Clinton Campaign Rolls Out Foreign Policy Heavyweights Against Sanders

The Hillary Clinton campaign released a new attack on Sen. Bernie Sanders (I-VT) on Tuesday, using a letter from 10 national security experts and former diplomats to question his foreign policy knowledge.

“Over the past four debates, the subject of ISIS and Iran have come up a number of times. These are complex and challenging times, and we need a Commander in Chief who knows how to protect America and our allies and advance our interests and values around the world,” the experts wrote in the letter highlighted by Clinton’s campaign in a press release. “The stakes are high. And we are concerned that Senator Sanders has not thought through these crucial national security issues that can have profound consequences for our security.”

The letter notes Sanders “lack of a strategy for defeating ISIS” and calls his recent support for more Iranian troops in Syria “dangerous and misguided.”

The experts backing Clinton also criticized Sanders’ call for the U.S. to try to “normalize” relations with Iran during the Sunday night Democratic presidential debate.

“Senator Sanders’ call to ‘move aggressively’ to normalize relations with Iran – to develop a ‘warm’ relationship – breaks with President Obama, is out of step with the sober and responsible diplomatic approach that has been working for the United States, and if pursued would fail while causing consternation among our allies and partners,” the letter reads.

The letter’s signatories include Ambassador Daniel Benjamin, the former U.S. Ambassador-at-Large and coordinator for counterterrorism at the State Department; Ambassador Wendy R. Sherman, the former under secretary of state for political affairs; and retired Lt. General Donald Kerrick, a former deputy national security advisor to the president.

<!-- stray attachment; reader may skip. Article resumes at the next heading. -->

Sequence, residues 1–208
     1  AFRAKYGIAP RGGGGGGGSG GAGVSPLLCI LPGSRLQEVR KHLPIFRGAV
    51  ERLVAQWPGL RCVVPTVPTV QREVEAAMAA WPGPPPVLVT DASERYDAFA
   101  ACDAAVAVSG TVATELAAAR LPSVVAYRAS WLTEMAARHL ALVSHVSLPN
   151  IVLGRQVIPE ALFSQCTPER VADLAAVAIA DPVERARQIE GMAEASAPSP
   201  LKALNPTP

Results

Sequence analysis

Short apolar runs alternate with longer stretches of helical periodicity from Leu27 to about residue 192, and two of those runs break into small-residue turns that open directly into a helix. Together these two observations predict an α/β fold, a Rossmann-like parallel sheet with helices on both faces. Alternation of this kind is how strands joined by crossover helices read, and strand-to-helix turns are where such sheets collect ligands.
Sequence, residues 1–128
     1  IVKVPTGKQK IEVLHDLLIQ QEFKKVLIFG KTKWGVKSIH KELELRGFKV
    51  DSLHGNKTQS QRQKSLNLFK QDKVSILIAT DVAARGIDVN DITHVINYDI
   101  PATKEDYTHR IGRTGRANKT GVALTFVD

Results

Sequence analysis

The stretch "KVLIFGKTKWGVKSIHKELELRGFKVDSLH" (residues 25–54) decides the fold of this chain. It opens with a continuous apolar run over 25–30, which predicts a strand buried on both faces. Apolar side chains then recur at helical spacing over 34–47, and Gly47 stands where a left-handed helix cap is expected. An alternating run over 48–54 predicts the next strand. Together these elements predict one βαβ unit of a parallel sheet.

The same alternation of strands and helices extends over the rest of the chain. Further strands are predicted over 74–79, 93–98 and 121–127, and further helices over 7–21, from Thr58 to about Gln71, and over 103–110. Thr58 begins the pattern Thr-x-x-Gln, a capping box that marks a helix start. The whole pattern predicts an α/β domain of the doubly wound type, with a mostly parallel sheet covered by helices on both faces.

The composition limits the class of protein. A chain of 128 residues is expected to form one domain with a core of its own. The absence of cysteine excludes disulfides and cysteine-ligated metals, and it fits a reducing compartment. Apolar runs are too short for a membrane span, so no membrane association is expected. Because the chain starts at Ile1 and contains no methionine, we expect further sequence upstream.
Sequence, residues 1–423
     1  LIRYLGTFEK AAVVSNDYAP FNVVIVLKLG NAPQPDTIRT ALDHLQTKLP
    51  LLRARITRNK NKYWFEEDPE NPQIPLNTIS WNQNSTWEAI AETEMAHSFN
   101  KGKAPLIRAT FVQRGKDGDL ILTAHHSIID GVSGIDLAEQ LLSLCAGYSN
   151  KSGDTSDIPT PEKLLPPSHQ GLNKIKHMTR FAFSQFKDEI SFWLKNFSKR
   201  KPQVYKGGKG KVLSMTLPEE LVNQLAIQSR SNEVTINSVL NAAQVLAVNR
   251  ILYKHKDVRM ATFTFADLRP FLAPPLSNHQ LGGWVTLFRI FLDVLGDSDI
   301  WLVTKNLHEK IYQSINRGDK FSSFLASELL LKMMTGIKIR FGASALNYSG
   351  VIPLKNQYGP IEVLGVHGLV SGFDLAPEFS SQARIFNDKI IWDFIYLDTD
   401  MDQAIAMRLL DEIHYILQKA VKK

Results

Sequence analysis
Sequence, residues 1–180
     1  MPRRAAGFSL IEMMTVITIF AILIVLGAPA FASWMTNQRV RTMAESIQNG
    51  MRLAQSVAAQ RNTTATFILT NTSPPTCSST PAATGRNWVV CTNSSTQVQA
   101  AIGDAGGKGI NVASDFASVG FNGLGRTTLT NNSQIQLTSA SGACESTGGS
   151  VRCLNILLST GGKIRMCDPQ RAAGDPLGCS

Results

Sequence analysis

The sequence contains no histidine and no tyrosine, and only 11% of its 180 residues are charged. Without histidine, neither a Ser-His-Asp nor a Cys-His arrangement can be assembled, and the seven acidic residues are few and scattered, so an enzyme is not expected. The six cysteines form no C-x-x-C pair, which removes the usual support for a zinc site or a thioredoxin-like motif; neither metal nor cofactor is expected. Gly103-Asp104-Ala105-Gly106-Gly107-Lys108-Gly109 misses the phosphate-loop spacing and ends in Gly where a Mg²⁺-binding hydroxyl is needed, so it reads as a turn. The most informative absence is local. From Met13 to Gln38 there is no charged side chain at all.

The foreign policy attack from Clinton comes as polling shows Sanders gaining strength in Iowa and New Hampshire, both key primary states.

Read the entire letter:

Over the past four debates, the subject of ISIS and Iran have come up a number of times. These are complex and challenging times, and we need a Commander in Chief who knows how to protect America and our allies and advance our interests and values around the world. The stakes are high. And we are concerned that Senator Sanders has not thought through these crucial national security issues that can have profound consequences for our security.

His lack of a strategy for defeating ISIS – one of the greatest challenges we face today – is troubling. And the limited things he has said on ISIS are also troubling.

For example, his call for more Iranian troops in Syria is dangerous and misguided and the opposite of what is needed. Supporting Iranian soldiers on Israel’s doorstep is a grave mistake. And while we support de-escalation of Sunni-Shia tensions, his argument that Iran and Saudi Arabia – two intense adversaries – should join together in a military coalition is just puzzling. Indeed, the Iranian government recently failed to stop protesters from ransacking and burning the Saudi embassy in Tehran, after which Saudi Arabia cut off diplomatic ties with Iran.

We are all strong supporters of the nuclear diplomacy with Iran. Some of us were part of developing the policy that produced the diplomacy over the past several years. And we believe that there are areas for further cooperation under the right circumstances. But Senator Sanders’ call to “move aggressively” to normalize relations with Iran – to develop a “warm” relationship – breaks with President Obama, is out of step with the sober and responsible diplomatic approach that has been working for the United States, and if pursued would fail while causing consternation among our allies and partners.

Given these concerns, it is important to ask what he would do on other issues – on Russia, China, our allies, nuclear proliferation, and so much else. We look forward to hearing him address these issues.

We need a Commander in Chief who sees how all of these dynamics fit together – someone who sees the whole chessboard, as Hillary Clinton does.

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